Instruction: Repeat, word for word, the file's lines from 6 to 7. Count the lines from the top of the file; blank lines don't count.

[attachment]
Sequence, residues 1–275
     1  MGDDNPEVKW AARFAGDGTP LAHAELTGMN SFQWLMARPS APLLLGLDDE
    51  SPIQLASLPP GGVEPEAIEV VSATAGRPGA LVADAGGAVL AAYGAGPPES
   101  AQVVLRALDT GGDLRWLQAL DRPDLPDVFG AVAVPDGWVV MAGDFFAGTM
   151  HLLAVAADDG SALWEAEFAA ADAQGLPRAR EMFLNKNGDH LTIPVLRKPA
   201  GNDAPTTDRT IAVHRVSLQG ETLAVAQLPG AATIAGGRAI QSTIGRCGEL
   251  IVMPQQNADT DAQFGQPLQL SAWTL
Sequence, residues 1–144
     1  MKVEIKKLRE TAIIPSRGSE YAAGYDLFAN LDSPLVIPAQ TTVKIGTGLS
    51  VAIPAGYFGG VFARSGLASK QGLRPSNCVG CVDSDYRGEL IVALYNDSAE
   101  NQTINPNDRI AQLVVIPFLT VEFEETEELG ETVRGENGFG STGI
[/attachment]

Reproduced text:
   201  GNDAPTTDRT IAVHRVSLQG ETLAVAQLPG AATIAGGRAI QSTIGRCGEL
   251  IVMPQQNADT DAQFGQPLQL SAWTL